A bid to bring a slice of The Good Life to Newarthill has failed after planners said new homes would break rules protecting the countryside.
Developers wanted to build smallholdings for people keen to rear chickens and other livestock, and grow their own fruit and vegetables - just like Richard Briers and Felicity Kendall in the classic BBC television comedy series.
They said it was exactly the sort of thing the Government wants as it bids to get Scots living healthy lives and using energy more efficiently.
However, the proposals by Alasdair Brewster and Lyn Lewis for seven smallholdings on 32 acres of land in Mosshall Street, Newarthill, were rejected by North Lanarkshire Council, and now an appeal to the Scottish Government has been turned down too.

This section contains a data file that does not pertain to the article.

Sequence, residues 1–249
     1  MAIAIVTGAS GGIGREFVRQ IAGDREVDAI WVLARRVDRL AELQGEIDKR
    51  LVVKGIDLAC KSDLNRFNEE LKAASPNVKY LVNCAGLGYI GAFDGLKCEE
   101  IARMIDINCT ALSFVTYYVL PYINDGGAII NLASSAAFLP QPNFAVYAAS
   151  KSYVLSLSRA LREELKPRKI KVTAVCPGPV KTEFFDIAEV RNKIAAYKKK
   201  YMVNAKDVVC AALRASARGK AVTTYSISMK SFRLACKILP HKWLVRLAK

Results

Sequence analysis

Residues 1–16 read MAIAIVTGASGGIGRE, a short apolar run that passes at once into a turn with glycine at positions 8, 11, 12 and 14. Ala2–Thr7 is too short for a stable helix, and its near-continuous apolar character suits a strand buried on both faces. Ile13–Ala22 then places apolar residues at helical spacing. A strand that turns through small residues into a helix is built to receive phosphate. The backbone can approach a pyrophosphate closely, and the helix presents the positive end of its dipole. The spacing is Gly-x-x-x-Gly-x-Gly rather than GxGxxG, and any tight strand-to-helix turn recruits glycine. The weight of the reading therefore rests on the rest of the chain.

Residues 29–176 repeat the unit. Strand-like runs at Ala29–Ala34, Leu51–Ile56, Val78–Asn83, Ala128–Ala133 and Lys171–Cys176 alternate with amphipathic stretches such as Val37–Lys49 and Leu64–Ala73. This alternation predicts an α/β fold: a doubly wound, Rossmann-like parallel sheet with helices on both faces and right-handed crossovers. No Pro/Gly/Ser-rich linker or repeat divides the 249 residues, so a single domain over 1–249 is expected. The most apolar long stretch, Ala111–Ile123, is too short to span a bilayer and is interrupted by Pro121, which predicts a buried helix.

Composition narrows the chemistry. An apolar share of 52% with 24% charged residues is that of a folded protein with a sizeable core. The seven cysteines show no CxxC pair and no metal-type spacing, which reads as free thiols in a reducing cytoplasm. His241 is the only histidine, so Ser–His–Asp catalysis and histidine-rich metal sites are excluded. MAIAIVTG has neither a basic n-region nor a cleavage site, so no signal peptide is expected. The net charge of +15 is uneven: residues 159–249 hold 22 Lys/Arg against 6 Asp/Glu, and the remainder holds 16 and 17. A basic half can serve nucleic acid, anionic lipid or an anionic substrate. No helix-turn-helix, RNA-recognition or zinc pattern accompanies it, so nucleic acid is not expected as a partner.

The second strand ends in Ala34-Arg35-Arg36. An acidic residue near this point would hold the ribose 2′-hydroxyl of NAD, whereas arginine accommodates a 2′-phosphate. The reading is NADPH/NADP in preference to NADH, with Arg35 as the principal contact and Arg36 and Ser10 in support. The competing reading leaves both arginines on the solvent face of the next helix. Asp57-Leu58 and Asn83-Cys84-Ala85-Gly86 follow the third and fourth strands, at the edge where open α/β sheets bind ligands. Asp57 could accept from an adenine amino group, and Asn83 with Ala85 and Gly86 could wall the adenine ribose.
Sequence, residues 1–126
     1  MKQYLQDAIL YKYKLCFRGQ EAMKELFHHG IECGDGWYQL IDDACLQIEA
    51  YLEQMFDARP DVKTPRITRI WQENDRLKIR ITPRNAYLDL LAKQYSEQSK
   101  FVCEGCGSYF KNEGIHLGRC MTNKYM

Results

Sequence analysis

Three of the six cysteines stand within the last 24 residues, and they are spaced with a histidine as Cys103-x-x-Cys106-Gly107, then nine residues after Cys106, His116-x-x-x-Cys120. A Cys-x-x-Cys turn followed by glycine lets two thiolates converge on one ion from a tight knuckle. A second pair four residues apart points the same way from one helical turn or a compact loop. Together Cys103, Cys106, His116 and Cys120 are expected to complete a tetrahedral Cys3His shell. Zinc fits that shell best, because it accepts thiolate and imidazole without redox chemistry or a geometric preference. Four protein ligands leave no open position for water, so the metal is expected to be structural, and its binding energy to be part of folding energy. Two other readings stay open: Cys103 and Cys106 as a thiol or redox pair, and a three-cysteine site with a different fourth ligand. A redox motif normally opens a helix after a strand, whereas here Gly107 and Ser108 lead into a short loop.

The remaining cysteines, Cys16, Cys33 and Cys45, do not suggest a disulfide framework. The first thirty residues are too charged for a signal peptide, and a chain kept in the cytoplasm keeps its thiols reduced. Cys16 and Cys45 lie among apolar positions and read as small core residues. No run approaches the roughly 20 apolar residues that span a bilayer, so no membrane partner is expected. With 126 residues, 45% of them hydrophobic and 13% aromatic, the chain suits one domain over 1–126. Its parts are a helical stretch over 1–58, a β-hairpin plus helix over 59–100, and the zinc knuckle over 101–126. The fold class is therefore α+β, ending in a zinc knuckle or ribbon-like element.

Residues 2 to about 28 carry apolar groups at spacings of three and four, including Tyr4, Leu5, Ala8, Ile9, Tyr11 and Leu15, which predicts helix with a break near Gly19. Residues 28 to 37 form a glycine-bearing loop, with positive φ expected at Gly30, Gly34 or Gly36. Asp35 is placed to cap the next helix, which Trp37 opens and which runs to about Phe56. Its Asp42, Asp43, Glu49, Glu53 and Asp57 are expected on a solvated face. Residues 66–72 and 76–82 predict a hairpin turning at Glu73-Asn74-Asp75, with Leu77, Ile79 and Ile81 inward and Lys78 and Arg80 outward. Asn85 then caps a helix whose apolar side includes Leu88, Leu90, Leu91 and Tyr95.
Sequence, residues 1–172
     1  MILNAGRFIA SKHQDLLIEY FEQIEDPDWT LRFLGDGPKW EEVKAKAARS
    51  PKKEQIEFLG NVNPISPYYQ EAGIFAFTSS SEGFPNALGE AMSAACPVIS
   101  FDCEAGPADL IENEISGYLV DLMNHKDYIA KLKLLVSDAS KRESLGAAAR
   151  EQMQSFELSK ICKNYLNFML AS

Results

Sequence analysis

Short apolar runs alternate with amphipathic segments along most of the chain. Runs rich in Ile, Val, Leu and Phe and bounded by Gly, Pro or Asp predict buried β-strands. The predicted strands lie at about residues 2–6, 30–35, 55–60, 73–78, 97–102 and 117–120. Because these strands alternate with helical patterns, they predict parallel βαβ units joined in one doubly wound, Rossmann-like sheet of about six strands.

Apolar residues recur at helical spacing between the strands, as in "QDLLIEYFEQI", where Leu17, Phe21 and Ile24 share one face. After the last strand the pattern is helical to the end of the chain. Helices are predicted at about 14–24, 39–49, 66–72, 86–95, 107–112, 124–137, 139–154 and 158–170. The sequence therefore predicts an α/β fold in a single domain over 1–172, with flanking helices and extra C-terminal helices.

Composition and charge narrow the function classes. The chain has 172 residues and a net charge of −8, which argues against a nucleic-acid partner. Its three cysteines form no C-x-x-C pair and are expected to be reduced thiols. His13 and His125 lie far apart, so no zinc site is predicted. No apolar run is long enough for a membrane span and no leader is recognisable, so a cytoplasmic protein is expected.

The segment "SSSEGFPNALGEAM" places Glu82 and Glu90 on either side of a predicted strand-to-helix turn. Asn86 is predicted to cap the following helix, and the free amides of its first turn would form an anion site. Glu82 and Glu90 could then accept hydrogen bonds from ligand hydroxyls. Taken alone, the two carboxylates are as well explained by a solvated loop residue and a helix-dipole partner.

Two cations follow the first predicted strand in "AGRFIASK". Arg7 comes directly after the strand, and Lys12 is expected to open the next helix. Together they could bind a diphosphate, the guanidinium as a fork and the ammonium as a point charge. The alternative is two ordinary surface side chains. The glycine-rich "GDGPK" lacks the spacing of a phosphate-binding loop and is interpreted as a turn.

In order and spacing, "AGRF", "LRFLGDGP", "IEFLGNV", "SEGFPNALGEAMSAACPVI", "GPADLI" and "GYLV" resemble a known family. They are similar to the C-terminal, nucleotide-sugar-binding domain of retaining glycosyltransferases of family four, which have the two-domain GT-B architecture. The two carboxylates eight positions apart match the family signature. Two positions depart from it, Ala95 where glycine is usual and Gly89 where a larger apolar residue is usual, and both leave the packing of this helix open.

Planning and urban design firm Sue Hudson said the smallholdings would be on two sites close together. There would also be allotments for community use.
It stated: “Both sites are unattractive legacies of the area’s mining past, but would be transformed into green, landscaped areas full of new habitats and wildlife.
“This proposed development is not about new houses or a business. It is about a more self-sustainable life.
“Each smallholding would be large enough to allow the owners to be self-sufficient in fresh fruit and vegetables, and to keep bees, chickens, goats and other animals. Surplus produce could be sold locally.
“Smallholding opportunities are few and far between, but the growing numbers of people attracted to this type of lifestyle are usually passionate about reducing their carbon footprint by recycling building materials and minimising energy consumption.
“This has the potential to become an attraction for people wishing to learn about the practical implications of sustainable living and associated technologies. Development of such a focus could raise the profile of Newarthill and North Lanarkshire.”
However, Scottish Government Reporter John Martin said there was no evidence the homes were needed for agriculture so he couldn’t allow a greenbelt development.